Mentor, now Siemens EDA, has also been moving to the cloud for its EDA tools to combine with . Working with ST Microelectronics, it is working to accelerate the characterisation of libraries, scaling up its cloud processing to reduce the time taken from weeks to hours.

But this move to the cloud is also about adding new capabilities, particularly machine learning, as the Mentor/ST project also shows.

This ability to add in other capabilities such as machine learning means the hybrid cloud is set to go the way of the workstation. There will still be a need for local processing, particularly for low latency design flows such as physical emulation on FPGAs, but even this is moving into the cloud.

Digital twin

But the cloud is more than just accelerating point tools in an EDA flow. Siemens has been pushing the idea of the digital twin as the heart of the complete design process, from chip to software to end system.

“When we first started talking about digital twins the reaction was we simulate designs all the time. That’s part of what enables a digital but there’s not just the digital twin of the design but of the manufacturing process and the way the device is used that provides feedback,” said Joe Sawicki at Siemens EDA

Infineon is using the digital twin technology for chip design for automotive designs,

“What is changing is we are moving away from hardware boards, a lot of these things are done in simulation with online tools that allows people to be faster with early prototyping,” said Hans Adlkofer, Senior Vice President Automotive System Group at Infineon Technologies. “What is more and more of a challenge for developers is the software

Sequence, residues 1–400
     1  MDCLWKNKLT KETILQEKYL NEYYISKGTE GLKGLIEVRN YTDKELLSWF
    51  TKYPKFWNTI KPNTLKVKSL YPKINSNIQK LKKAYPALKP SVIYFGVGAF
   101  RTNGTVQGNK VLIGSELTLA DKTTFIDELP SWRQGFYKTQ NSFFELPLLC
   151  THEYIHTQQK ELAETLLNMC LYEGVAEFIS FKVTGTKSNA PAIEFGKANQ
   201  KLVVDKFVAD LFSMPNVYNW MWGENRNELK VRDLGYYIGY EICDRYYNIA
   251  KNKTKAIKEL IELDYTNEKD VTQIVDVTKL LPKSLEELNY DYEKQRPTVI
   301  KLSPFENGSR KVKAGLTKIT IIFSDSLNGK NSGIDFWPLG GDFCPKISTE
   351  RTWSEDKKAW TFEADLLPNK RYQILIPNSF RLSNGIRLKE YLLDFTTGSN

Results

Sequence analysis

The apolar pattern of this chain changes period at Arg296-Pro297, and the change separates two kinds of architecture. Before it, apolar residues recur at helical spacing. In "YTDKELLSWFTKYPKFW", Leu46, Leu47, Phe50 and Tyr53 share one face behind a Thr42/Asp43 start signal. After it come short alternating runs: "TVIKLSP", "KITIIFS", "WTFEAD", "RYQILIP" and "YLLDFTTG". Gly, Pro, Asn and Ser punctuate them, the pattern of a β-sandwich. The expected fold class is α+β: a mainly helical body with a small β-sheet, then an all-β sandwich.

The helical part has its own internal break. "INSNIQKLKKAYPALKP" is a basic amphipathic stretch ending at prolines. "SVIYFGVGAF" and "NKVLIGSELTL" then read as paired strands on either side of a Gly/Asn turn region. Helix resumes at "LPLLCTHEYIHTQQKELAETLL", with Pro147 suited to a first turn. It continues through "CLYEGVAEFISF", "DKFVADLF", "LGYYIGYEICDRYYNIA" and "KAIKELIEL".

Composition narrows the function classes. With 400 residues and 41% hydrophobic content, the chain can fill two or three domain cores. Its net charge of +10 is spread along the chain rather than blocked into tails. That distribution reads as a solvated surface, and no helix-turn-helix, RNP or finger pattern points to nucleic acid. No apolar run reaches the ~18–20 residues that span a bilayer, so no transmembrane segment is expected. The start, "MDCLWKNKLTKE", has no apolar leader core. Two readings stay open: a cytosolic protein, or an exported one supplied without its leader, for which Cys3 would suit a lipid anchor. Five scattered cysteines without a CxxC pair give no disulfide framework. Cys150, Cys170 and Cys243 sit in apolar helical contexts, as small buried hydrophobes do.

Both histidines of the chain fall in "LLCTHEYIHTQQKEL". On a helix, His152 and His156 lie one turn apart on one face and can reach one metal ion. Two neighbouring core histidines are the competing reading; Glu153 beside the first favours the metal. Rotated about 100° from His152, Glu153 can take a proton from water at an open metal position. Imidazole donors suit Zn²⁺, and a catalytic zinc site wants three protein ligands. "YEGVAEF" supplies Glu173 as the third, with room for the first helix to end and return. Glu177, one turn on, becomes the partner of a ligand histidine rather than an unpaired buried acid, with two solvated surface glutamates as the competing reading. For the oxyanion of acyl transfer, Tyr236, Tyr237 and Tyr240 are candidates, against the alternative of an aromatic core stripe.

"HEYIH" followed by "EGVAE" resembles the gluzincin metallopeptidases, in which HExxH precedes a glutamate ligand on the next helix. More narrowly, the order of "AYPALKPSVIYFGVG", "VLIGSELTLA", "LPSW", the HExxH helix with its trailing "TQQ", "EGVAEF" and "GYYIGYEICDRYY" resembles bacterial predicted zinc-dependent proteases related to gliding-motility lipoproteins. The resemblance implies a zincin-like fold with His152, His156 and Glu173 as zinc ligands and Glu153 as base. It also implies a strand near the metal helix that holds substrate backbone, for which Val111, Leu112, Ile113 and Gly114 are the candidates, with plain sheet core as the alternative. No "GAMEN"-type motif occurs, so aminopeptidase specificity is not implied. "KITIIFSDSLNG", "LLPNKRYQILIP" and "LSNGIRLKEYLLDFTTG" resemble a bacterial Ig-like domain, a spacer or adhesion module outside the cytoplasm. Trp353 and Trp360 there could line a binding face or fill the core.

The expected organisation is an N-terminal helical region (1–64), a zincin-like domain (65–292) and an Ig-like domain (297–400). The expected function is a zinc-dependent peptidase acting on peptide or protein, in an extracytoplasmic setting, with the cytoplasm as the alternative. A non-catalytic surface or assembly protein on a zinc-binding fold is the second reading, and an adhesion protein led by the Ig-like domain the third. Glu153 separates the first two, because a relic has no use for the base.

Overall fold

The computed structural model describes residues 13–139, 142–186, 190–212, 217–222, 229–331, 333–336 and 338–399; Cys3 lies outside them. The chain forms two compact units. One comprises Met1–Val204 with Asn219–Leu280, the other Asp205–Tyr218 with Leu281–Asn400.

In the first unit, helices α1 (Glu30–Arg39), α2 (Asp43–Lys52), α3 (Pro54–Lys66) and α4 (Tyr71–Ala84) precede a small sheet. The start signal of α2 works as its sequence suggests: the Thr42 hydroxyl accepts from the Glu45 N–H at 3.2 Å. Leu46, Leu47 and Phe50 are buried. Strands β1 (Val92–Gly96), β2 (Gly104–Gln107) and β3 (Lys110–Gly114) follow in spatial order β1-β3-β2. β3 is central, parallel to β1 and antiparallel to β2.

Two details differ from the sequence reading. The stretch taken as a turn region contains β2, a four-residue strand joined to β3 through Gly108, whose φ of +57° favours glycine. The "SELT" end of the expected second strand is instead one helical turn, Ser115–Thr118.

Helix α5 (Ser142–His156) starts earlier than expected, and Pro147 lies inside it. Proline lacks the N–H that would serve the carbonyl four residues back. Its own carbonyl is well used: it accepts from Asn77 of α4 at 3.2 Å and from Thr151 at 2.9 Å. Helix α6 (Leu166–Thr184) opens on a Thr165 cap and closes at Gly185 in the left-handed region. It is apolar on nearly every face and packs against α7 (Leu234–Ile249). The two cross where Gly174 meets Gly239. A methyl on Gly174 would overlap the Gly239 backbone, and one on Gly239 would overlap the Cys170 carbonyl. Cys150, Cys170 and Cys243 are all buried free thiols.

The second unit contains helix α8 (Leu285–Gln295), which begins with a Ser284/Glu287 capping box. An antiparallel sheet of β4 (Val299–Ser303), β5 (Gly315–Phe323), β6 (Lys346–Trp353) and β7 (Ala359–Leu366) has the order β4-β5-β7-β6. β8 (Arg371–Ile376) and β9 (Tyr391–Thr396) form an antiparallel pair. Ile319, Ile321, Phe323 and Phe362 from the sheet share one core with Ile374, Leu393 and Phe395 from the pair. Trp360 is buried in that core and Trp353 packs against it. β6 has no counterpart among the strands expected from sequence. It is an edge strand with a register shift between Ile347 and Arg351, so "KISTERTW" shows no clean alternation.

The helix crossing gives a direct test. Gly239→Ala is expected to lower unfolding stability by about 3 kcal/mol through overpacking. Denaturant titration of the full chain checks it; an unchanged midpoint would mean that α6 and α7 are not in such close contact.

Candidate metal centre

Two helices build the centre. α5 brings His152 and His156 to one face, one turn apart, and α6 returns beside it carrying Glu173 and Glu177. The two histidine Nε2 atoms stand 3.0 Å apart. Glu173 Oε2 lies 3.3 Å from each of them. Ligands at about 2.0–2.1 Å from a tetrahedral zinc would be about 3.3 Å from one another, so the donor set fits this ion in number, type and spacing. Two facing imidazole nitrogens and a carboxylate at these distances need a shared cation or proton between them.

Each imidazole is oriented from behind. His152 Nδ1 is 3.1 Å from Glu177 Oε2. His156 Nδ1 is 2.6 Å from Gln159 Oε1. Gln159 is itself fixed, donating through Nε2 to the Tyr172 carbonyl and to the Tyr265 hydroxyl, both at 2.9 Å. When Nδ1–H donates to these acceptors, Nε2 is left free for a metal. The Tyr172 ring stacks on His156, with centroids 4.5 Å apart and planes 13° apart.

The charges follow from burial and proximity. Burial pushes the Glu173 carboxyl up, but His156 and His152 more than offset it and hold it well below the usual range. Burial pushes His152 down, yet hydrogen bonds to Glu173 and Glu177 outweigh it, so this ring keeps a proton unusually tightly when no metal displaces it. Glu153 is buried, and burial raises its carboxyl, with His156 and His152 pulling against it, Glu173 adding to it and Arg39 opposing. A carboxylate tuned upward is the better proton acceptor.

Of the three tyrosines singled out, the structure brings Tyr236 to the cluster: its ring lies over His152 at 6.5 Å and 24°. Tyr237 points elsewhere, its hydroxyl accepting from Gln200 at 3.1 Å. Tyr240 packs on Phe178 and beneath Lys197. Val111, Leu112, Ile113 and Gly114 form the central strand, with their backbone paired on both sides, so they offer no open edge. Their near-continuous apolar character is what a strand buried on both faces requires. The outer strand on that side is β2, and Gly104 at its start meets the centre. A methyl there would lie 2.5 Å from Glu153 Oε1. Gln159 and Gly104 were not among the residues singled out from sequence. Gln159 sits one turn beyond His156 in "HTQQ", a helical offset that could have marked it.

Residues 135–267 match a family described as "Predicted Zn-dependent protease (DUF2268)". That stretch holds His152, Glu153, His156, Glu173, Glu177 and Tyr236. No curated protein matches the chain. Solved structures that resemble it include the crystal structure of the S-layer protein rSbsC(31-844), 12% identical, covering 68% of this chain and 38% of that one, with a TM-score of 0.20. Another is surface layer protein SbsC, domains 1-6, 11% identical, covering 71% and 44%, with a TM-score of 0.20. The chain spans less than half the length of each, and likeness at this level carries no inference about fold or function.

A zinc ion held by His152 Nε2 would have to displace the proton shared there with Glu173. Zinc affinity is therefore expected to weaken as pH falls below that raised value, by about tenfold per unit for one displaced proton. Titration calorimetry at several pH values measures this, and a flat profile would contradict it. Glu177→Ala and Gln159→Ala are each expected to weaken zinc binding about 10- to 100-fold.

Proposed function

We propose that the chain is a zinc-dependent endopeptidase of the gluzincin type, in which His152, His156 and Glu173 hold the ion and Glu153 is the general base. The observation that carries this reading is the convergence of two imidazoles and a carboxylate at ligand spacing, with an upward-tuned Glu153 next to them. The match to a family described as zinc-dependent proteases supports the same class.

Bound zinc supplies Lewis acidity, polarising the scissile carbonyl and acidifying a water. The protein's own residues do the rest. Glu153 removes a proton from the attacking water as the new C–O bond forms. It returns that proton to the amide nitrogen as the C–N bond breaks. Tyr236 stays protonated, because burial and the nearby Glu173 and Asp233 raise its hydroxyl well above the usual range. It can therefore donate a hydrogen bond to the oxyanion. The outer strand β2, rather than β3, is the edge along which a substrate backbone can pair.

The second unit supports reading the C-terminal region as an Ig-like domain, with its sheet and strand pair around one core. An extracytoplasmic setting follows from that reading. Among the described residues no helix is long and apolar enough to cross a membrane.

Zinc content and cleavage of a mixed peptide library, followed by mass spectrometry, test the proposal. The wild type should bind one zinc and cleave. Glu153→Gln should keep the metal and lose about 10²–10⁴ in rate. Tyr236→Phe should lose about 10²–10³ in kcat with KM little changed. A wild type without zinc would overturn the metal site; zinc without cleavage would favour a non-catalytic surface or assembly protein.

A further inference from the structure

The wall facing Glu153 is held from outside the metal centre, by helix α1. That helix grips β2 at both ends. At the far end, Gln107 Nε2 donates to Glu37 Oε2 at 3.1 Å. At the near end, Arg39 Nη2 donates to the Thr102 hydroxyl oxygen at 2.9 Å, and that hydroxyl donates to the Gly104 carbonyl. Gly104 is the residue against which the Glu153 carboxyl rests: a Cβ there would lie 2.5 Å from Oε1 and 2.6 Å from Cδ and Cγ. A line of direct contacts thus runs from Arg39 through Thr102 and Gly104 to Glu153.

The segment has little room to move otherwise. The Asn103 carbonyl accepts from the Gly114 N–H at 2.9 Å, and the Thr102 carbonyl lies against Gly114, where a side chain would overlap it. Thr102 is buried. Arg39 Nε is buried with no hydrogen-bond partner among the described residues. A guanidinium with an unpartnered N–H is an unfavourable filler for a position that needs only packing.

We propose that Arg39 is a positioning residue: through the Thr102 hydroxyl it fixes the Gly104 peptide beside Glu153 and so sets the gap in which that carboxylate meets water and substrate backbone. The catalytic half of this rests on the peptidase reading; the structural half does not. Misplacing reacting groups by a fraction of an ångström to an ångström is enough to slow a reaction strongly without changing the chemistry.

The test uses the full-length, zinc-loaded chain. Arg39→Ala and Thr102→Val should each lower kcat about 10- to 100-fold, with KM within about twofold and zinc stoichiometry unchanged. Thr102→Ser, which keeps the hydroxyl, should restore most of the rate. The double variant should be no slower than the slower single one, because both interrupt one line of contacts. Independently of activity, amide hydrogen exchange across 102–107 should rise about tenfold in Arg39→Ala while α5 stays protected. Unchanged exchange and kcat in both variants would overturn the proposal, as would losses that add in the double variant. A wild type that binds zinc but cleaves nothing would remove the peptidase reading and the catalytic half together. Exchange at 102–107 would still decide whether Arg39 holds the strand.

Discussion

ARM has already used the technology to model an entire car.

“The digital twin is not just useful in autonomous vehicles,” said Sawicki. “In 5G we are looking to model the behaviour of the edge and combine that with the cell tower, the channel and the interface up to the cloud so we can model the entire stack and look at how the 5G applications will perform.”

This of course brings challenges further down the tool chain, particularly in verification and validation

Next: What’s next for EDA


The consolidation in the cloud is just at the start. The ability to accelerate individual tools will speed up verification and improve quality at a time when the size and complexity of chip designs is booming with the coming 3nm chips that will be in production in 2024. The 2nm generation will bring even more challenges for tools.

The ability to combine tools to create a digital twin is even more exciting. Building a digital twin for each new design is not cost effective, so the twin becomes the platform for a wide range of products, both in development and in operation. Instead, the digital twin is used throughout the lifetime of the product, supporting the development and testing of software upgrades and monitoring the performance to provide predictive maintenance to highlight problems before they occur in the field.

“For example, when the device in the field has issues, these can be captured and fed back into the digital twin,” said Sawicki. This is what led to the acquisitions of UltraSoc and Moortec this year to provide data from chips back to the digital twin models. 

All this means that innovative new tools will of course be cloud-native, designed from the start to make use of the phenomenal

But the cloud opens up new directions for tools by the interconnection. Quantum computers are pretty much only accessible via the cloud, and supported by classical cloud computing. Annealing algorithms as well as place and route explore the design space, looking for local minima, and this is well suited to quantum computing. Access to the AWS Braket service and quantum computing from Microsoft Azure and Google Cloud. 

 www.cadence.com; www.synopsys.com; www.arm.com; www.mentor.com